U.S. to Grow Grayer, More Diverse

By N.C. Aizenman
Washington Post Staff Writer
Thursday, August 14, 2008

The nation's population will look dramatically different by mid-century, becoming more racially and ethnically diverse and a good deal older as it increases from about 302 million to 439 million by 2050, according to projections released today by the U.S. Census Bureau.

The findings are in line with recent analyses published by independent demographers, but they are the first such official Census Bureau projections in years.

Minorities, about one-third of the U.S. population, are expected to become a majority by 2042 and be 54 percent of U.S. residents by 2050.

The shift will happen sooner among children, 44 percent of whom are minority. By 2023, more than half are expected to be minority, and by 2050, the proportion will be 62 percent.

The largest share of children, 39 percent, is projected to be Hispanic, followed by non-Hispanic whites (38 percent), African Americans (11 percent) and Asians (6 percent).

Hispanics, including immigrants and their descendants as well as U.S.-born residents whose American roots stretch back generations, are expected to account for the most growth among minorities. That population is expected to nearly triple by 2050, growing from about one in six residents to one in three.

The black and Asian populations are each expected to increase about 60 percent, with the black share rising from 14 to 15 percent by 2050 and the Asian share jumping from 5 to 9 percent.

The number of people who identify themselves as being from two or more races is also expected to grow, more than tripling to 16.2 million, or 4 percent of the population.

By contrast, the non-Hispanic, single-race white population is expected to grow by less than 2 percent, reducing its share of the overall population from 66 to 46 percent. That group is projected to decline in the 2030s and 2040s, as more members die than are born in or move to the United States.

However, the 65-and-older population is expected to remain mostly white because of the number of whites born during the post-World War II baby boom. By 2030, all boomers will be 65 or older; by 2050, that age group will have more than doubled and will account for more than one in five residents, compared with one in eight today.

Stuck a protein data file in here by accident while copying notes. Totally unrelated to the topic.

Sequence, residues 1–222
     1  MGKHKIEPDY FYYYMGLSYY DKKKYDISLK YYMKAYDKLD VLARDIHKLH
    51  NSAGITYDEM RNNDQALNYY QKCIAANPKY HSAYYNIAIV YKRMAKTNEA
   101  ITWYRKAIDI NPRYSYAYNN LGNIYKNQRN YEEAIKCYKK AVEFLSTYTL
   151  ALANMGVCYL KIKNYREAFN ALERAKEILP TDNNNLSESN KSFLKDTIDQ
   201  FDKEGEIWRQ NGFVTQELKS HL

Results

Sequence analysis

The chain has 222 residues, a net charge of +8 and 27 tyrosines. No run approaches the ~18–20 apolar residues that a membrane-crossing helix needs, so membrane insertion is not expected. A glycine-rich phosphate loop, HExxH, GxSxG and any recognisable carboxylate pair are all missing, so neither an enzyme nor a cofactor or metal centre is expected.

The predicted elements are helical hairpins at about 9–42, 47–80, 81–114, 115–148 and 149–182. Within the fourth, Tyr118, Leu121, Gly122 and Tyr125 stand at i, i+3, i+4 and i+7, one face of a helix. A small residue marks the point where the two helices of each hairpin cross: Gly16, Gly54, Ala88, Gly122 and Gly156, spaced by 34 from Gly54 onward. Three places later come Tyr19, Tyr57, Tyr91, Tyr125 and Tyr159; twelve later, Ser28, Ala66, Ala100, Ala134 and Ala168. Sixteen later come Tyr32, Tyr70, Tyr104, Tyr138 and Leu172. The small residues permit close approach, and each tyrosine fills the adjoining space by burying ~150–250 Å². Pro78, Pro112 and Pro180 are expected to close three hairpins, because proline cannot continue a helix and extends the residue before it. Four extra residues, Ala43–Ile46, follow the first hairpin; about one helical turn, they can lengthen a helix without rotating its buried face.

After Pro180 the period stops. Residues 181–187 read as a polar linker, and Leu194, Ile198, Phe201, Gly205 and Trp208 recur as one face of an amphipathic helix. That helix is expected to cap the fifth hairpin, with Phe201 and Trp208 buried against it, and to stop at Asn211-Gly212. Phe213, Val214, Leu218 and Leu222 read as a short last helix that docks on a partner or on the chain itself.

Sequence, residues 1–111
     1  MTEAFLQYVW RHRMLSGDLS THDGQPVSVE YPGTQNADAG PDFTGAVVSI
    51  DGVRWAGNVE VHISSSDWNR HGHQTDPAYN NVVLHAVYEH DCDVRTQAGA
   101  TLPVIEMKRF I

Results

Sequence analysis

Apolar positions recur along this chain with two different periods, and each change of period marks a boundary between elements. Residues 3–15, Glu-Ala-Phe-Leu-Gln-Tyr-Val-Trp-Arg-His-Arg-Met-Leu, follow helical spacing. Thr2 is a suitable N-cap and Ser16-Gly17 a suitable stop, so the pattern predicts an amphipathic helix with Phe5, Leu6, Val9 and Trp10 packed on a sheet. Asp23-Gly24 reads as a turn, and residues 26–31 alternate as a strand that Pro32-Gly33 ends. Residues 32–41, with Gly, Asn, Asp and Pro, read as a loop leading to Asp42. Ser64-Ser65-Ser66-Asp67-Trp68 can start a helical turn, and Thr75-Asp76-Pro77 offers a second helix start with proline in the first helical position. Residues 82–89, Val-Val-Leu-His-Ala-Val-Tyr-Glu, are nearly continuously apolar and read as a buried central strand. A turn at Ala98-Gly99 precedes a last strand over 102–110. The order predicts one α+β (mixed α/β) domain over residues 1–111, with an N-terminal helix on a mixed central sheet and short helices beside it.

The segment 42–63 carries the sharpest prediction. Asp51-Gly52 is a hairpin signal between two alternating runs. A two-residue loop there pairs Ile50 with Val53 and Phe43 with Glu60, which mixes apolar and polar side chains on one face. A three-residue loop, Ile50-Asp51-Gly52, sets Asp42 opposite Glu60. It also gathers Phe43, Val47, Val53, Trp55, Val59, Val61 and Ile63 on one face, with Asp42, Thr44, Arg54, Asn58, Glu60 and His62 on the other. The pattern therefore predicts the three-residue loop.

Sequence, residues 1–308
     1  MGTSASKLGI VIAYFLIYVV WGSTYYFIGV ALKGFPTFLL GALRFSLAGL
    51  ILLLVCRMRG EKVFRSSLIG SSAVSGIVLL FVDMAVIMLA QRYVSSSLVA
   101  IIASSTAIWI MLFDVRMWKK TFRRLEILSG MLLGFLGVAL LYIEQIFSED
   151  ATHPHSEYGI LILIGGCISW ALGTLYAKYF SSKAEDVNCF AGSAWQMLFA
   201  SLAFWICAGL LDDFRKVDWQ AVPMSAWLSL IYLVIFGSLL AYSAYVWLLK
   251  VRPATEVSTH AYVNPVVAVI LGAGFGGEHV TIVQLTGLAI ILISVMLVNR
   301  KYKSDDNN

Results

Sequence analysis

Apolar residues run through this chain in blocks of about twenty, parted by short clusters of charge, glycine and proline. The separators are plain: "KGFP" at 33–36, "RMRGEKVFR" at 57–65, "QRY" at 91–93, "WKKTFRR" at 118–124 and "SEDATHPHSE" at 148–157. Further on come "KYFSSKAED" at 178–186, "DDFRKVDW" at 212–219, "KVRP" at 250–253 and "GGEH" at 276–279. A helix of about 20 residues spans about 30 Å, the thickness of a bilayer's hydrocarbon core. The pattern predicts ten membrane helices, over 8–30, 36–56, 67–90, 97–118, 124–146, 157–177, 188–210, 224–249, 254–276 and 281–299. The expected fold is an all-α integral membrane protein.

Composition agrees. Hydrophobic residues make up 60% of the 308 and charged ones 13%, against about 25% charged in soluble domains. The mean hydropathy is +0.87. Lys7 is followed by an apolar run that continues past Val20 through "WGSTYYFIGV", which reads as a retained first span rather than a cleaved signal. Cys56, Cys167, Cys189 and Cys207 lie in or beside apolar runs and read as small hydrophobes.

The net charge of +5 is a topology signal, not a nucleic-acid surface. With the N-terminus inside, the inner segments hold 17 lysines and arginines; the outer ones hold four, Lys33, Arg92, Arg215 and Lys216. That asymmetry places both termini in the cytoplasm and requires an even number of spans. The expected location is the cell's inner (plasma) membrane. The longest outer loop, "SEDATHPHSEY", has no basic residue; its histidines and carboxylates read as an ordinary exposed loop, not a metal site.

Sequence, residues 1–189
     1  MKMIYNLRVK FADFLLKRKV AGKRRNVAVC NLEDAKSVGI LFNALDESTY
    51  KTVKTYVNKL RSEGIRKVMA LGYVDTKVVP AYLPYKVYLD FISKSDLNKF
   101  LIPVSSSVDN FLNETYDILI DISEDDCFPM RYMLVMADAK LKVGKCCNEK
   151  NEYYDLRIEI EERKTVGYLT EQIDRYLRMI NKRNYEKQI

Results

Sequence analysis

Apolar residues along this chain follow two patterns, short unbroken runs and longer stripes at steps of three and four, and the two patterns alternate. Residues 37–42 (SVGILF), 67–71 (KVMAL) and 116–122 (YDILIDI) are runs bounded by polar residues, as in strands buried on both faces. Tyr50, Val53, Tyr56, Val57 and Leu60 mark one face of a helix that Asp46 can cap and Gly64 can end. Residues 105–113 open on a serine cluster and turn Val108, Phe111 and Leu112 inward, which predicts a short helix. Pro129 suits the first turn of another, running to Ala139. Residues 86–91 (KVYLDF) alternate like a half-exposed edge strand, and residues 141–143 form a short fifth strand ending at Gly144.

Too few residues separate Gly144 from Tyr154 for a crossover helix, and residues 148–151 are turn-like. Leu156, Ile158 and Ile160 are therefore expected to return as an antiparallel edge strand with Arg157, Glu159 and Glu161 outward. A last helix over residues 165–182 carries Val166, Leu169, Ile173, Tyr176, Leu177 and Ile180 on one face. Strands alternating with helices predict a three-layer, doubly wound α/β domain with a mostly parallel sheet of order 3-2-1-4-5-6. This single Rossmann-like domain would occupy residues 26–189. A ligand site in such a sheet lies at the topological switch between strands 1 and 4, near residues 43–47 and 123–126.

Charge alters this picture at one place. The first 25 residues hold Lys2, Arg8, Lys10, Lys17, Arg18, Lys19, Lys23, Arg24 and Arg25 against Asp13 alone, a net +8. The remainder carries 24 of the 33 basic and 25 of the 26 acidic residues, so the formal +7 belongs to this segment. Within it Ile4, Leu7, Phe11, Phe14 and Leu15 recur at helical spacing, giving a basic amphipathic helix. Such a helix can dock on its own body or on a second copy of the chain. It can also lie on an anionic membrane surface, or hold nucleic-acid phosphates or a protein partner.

Similarly, the 85-and-older population is expected to more than triple, accounting for about 4 percent of U.S. residents in 2050, compared with fewer than 2 percent today.

The percentage of the population that is of working age will drop from 63 to 57 percent. As is the case with children, the working-age population is projected to become majority-minority before 2050. By mid-century, it is expected to be 30 percent Hispanic, 15 percent black and nearly 10 percent Asian.

William H. Frey, a researcher with the Brookings Institution, said the demographic changes could presage equally profound political cleavages.

"Politically, whites will be much more interested in issues like health care and pensions," he said. "At the same time, the growing minority population -- Hispanics, especially -- will be concerned about more youthful issues, like schools."

Other analysts focused on the potential environmental and quality-of-life effects of the projected population increases and the degree to which immigration might affect them.

"What this population rise means to me is anywhere from 40 to 80 million more cars on the road, 35 to 40 million more houses built," said Steven Camarota, a researcher at the Center for Immigration Studies, which favors stricter limits on immigration.

"As a consequence of federal immigration policy, we're going to be a significantly more densely settled country," Camarota said, "and it's important to recognize that this is a choice we're making. This is not the weather that we have no control over. This is something we can change, so it's worth asking ourselves if this is something we want."

© 2008 The Washington Post Company